The Jewish state has long refused to recognize the institutions of the Reform and Conservative movements in the country, a shunning rooted in the political power of the ultra-Orthodox and religious-Zionist political parties. This all began when Orthodox religious parties got David Ben-Gurion’s ear just as Israel was becoming a state in 1948.

Very little is likely to change in the life of Reform and Conservative converts because of Monday’s ruling. But Israel itself will change.If the ruling stands, it will mark a watershed in state recognition for Jewish religious options long rejected by Orthodox political parties and the state rabbinic apparatus.

My latest books:

I Marched with Patton: A Firsthand Account of World War II

Alongside One of the U.S. Army’s Greatest Generals!

by Frank Sisson (Author), Robert L. Wise (Author)

You can find I MARCHED WITH PATTON on Amazon.

82 Days on Okinawa: One American’s Unforgettable Firsthand Account of the Pacific War’s Greatest Battle!

You can find 82 DAYS ON OKINAWA on Amazon.

by Art Shaw (Author), Robert L. Wise (Author)

Please watch and subscribe to my new YouTube channel MIRACLES NEVER CEASE, where I post interviews with people sharing their experiences with divine encounters!

Let the miracles begin!

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Filed under Elections, Gaza, Jews, The Middle East

THE DAY THE EARTH SHOOK

BLOG  502

January 15, 2021

WISE ON THE MIDDLE EAST

Each week Robert L. Wise, Ph.D., explores the Middle Eastern situation, ranging from Egypt through Jordan, Syria, Lebanon, Israel and the surrounding area. Wise first traveled to Israel and the neighboring countries in 1968. Two of his sons taught in Jordan and Lebanon universities. Wise presents an objective view of the behind the scenes situation in these countries.

THE DAY THE EARTH SHOOK

You simply can’t get away from the story. The insurrection in the American capitol shot around the world. Countries that hate the U.S. applauded. Allies shuddered. Trump was impeached.  Those headlines were as big in the Middle East as they were in this country. There’s no way to avoid the subject.

I read The Jerusalem Post and The Times of Israel on a daily basis along with Moment and a number of other periodicals. Here’s an example of what they reported. “Ten House lawmakers who joined Democrats (are) now stepping up personal security, wearing body armor;. Our expectation is that someone may try to kill us,’ says Peter Meijer of Michigan. Many of us are altering our routines, working to get body armor, which is a reimbursable purchase that we can make,” Meijer said.  “It’s sad we have to get to that point. But our expectation is that someone may try to kill us.”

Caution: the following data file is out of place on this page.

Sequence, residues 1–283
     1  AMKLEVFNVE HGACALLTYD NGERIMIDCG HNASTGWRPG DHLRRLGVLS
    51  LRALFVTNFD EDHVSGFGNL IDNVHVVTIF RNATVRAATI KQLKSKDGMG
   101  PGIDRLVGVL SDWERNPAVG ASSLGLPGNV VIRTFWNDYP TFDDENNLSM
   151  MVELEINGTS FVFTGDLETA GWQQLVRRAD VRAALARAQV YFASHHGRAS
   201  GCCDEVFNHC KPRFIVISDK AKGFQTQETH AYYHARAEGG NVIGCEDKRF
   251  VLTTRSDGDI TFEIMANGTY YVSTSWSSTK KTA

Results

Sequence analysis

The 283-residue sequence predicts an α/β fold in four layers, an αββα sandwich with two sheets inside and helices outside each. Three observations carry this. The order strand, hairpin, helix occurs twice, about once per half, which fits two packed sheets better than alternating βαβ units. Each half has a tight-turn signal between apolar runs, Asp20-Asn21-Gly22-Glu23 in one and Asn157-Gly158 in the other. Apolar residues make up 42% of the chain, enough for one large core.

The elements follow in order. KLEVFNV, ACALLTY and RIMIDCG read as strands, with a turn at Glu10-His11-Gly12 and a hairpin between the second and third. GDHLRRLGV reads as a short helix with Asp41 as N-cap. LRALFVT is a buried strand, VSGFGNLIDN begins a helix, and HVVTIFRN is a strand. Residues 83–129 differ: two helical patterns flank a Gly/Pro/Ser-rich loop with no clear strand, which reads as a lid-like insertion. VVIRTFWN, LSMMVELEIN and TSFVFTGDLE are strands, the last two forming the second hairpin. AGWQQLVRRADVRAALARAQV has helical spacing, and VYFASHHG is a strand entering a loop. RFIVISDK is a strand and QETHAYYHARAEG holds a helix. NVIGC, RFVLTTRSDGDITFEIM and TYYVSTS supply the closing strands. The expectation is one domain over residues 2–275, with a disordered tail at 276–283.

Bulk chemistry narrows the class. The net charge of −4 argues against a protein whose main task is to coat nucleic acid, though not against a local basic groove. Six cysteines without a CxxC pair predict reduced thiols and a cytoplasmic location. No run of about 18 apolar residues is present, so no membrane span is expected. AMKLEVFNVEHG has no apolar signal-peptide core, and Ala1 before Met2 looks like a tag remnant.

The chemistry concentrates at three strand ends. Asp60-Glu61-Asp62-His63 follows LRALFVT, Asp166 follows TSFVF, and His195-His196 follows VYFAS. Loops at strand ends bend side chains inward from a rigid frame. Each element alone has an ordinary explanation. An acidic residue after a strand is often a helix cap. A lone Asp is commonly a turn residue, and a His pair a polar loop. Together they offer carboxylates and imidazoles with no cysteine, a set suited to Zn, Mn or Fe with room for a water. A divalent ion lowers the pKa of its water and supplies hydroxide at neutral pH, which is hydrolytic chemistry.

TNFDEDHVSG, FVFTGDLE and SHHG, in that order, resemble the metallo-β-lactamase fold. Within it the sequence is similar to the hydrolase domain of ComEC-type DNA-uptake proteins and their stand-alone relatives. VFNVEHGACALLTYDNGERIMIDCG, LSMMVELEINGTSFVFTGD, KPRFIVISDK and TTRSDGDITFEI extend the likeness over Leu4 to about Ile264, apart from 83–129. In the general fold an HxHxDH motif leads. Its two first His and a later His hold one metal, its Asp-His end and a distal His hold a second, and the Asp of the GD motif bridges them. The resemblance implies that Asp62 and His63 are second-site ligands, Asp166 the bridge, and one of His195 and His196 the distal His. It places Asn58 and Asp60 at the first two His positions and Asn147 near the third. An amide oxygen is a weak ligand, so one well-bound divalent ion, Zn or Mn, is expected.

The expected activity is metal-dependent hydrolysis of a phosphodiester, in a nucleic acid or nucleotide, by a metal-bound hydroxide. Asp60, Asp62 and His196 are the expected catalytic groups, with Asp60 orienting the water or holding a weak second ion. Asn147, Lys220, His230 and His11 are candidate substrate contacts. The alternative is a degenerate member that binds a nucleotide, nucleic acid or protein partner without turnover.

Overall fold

The Times of Israel reported, “Trump is fearful of legal exposure once he leaves office and is focused on issuing pardons before his term ends, including possibly for himself,” the report stated. The Times further printed regarding Donald Trump’s legacy, “the most terrible, horrific thing he has left us in America, is the destruction of truth… And a democracy can’t survive if there is no truth.”

Longtime CNN anchor Wolf Blitzer reflected Thursday that he was happy that his late parents, survivors of the Holocaust, did not live to witness the resurgence of anti-Semitism in the United States — particularly in the wake of anti-Semitic symbology appearing at last week’s deadly Capitol riot.  “I’m happy that they’re not seeing what’s going on now in the United States,” Blitzer reported after his cable news station screened video of his 2014 visit to Auschwitz, where his grandparents perished.

Whatever your political opinions might be, the foregoing is a reflection of what is now seen in Israel and across the Middle East. It is not a pretty picture. Hopefully this week’s inauguration will start a trend to reverse these opinions. However, with soldiers all over Washington and in every state capitol, the problem won’t be reversed quickly.

Does the opinion of leaders in the Middle East matter? If you value stability and peace, they do.

Let the miracles begin!

A New Pocast by Rev Wis, PhD about divine encounters!

My latest books: